Last time, we talked about how much money to set aside for your taxes which sparked a great discussion on Facebook. Many people working from home as an Independent Contractor do not realize us self-employed pay more taxes than we would as an employee! Now don’t get too upset, you also get more write-offs to help counter this and the additional tax is also a deduction! Lets dig into this a little deeper so you understand what it means to be self-employed at tax time!
What is Self-Employment Tax?
When you are an employee, you pay your usual Federal, State and Local taxes and then you and your employer split the medicare and social security tax. Therefore, if you are self-employed, you are responsible for both the employer and employee side of the medicare and social security taxes.
How Much is Self-Employment Tax?
The 2010 Tax Relief Act reduced the self-employment tax by 2% for self-employment income earned in calendar year 2011. The tax rate is currently 13.3% (10.4% for Social Security and 2.9% for Medicare). However, there are some limits and thresholds that can also alter this number.
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[2013 UPDATE: Due to the end of the Tax Relief Act the Self Employment tax rate is expected to be 15.3% this year-source]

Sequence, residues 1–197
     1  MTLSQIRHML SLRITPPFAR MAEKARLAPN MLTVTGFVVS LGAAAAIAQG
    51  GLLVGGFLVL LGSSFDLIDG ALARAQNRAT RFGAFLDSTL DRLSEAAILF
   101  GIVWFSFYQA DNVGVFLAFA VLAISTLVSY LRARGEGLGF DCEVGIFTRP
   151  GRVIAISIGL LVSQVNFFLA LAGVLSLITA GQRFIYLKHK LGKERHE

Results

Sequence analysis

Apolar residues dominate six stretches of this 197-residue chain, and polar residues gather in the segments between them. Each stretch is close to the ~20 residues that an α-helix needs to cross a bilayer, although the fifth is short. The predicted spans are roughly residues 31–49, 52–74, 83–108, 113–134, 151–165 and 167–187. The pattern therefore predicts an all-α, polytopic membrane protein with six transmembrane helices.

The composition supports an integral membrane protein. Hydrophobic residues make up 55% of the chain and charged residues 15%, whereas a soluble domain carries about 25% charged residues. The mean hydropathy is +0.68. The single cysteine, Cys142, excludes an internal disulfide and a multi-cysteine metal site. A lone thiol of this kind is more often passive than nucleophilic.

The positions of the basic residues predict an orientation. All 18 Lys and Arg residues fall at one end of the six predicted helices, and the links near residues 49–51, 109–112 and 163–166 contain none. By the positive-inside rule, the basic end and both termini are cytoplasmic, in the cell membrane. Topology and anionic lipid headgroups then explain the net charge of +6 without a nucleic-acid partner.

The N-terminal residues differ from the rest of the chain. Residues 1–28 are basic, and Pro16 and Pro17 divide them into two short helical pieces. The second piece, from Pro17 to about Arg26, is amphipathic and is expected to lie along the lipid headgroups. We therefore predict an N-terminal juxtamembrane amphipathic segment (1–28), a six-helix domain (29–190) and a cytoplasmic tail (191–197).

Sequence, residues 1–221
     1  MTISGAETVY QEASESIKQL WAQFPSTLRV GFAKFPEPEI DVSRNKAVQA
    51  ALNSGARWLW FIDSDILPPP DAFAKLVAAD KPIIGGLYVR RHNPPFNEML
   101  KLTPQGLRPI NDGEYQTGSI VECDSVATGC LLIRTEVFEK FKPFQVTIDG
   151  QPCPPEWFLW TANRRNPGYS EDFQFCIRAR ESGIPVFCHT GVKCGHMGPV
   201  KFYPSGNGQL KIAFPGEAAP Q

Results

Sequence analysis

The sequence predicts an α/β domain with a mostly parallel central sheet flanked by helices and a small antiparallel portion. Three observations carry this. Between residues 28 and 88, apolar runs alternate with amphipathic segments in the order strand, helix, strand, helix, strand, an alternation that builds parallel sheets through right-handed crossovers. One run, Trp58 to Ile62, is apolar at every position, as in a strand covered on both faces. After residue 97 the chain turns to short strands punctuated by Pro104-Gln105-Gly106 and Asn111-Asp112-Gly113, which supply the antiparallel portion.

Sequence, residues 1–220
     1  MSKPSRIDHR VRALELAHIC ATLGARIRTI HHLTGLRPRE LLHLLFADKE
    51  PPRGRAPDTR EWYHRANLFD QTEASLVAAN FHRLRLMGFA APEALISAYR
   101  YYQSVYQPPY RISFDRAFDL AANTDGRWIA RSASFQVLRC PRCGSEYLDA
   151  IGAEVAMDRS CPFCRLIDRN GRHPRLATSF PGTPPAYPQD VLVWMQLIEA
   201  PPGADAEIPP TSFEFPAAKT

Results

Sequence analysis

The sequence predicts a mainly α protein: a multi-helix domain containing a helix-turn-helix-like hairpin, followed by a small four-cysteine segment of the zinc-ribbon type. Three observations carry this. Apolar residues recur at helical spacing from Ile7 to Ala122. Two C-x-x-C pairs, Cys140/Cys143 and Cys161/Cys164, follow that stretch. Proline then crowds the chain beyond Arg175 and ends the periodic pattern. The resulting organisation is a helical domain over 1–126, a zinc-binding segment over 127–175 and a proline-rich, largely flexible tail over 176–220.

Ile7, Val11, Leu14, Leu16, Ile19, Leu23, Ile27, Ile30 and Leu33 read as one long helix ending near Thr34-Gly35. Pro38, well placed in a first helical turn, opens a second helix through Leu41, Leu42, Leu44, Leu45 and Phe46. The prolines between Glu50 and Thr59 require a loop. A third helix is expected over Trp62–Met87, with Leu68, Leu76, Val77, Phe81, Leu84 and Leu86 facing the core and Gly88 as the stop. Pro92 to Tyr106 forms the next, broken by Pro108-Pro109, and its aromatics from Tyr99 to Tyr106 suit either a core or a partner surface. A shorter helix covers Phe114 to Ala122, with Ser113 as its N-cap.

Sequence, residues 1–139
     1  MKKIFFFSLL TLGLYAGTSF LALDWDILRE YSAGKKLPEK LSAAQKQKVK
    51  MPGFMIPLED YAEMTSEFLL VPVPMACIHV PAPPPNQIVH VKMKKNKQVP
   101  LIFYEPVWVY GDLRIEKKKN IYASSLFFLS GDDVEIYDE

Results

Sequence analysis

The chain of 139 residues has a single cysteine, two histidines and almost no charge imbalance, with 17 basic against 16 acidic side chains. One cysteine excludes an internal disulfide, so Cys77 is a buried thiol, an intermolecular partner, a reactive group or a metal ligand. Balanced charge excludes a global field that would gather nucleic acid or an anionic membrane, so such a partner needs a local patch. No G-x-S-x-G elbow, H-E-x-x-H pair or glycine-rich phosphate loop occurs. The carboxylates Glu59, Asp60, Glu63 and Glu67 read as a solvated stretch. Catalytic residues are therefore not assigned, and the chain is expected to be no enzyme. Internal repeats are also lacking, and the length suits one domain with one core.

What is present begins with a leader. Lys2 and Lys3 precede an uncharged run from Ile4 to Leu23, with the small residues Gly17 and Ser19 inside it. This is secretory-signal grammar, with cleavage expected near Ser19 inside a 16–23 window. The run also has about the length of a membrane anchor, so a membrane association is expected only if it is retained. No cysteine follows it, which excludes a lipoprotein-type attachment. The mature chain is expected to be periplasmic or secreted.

[2012 UPDATE: “The Temporary Payroll Tax Cut Continuation Act of 2011 extended the self-employment tax reduction of 2% for calendar year 2012 so the rates for 2011 remain in effect for 2012.” according to the IRS]
You must earn at least $400 AFTER your deductions (net earnings). Anything under $400 and you do not have to worry about SE taxes!
If you earn at least $106,800 (congrats), any additional income over that will not be subject to the Social Security tax. (I am trying my HARDEST not to begin ranting right about now!- no one encourage me! haha)
Reminder: These numbers are subject to change. The Tax Relief Act of 2010 is currently set to expire the end of 2012.
You Can Deduct Part of Your Self-Employment Taxes!
You can deduct half of your self-employment tax! Understand this deduction only affects your income taxes and not your net earnings or your self-employment tax.
Also, thanks to being Self-Employed, you have a lot more deductions than an Employee would receive. This helps counter your SE Tax!
Want a general idea of how much Self-Employment Tax you will owe?
Check out this handy calculator that will figure it up automatically. Remember, this is only SE taxes and does not include any Federal, State or Local taxes!
For more information visit the 2011 Self-Employment IRS Page
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